Business taxes likely to be slashed in tax review

Treasurer Wayne Swan’s “root and branch” review of the tax system looks certain to result in cuts to business, property and capital gains taxes.

Treasurer Wayne Swan’s “root and branch” review of the tax system looks certain to result in cuts to business, property and capital gains taxes.

Treasury’s review of the Australian tax system – a sort of preliminary scene-setting document – says that while personal income tax rates are low from an international standpoint, “overlapping and inconsistent regulation” business taxes are harming productivity.

“Every extra hour spent by households and businesses grappling with the myriad of tax rules and obligations (including the different regimes across the states) is an hour not used to produce goods and services (including utilising leisure time), that are of higher value to Australians,” the report says.

The review highlights just how uncompetitive Australia’s corporate tax rate has become in the last decade. In 2001, when the Australian rate was cut from 36% to 30%, we had the ninth lowest rate in the OECD. But while OECD nations have been slashing corporate tax in the last few years – the average is now down to 26.5% – Australia’s rate has stayed put. We now have the 21st lowest rate.

The Australian Industry Group was quick to call for the company tax to fall from 30% to 25% following the release of the Treasury review.

But it’s not just the corporate tax rate that makes the blood of businesses boil. The review has found there are 125 separate state and federal taxes and levies, although just 10 of these – including personal income tax, company tax, the GST and fuel excise – collect over 90% of the tax raised in Australia.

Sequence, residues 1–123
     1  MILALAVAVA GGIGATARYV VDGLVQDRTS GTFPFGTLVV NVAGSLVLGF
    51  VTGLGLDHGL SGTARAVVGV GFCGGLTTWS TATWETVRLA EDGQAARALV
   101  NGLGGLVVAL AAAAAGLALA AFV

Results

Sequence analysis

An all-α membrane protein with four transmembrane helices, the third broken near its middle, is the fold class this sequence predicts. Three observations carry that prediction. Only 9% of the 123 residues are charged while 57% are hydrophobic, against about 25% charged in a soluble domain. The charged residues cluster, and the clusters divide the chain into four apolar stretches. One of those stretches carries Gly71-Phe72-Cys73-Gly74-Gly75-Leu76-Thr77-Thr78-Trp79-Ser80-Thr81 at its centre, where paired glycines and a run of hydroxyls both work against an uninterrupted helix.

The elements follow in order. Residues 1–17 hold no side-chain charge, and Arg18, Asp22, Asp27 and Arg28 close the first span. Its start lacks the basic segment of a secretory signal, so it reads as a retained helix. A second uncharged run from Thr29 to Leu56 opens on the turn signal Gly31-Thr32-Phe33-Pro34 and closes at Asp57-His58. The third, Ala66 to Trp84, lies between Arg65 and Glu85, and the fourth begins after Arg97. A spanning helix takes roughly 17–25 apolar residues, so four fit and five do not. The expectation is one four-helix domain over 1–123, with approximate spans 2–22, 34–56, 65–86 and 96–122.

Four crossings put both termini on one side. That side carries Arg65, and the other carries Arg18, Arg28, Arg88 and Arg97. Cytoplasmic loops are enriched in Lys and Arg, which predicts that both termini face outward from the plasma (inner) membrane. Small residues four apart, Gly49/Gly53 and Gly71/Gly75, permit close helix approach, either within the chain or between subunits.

There are different taxes on vehicle use, on property, on hire purchase arrangements, on insurance and on banking. As well as the cost of paying the taxes, businesses also face costs associated with collecting and complying with duties and levies.

CPA Australia senior tax counsel Garry Addison nominates stamp duty on insurance premiums and real business property transfers as two areas the review must address.

He says the elimination of ineffective taxes and the harmonisation of state tax regimes across the nation will also help improve conditions for business.

“Dupilication, overlap and inconsistency severely hamper the effectiveness of the overall system and Australia’s international competitiveness,” Addison says. “We see the need – and opportunity – to create a truly world-class business tax regime.”

Addison also pointed out that streamlining the tax system will help the tax office make far better use of its limited resources.

There is a slightly humerous side to all this tax talk, as the person in charge of the review, Treasury Secretary Ken Henry, was quick to point out yesterday. We have some very odd little taxes and levies – here are a few of the real beauties from the agricultural sector:

  • A levy on the sale of queen bees.
  • Five different levies on the sale of prawns.
  • The tax on the slaughter of ratites (flightless birds).
  • The goat fibre levy.
  • A levy on the export of buffalos.

It’s worth pointing out that most of these levies are instigated at the request of producers and traders, usually to fund industry-wide initiatives such as marketing or research and development.

Perhaps business will need to take the lead in helping the Government clean up some of these taxes.

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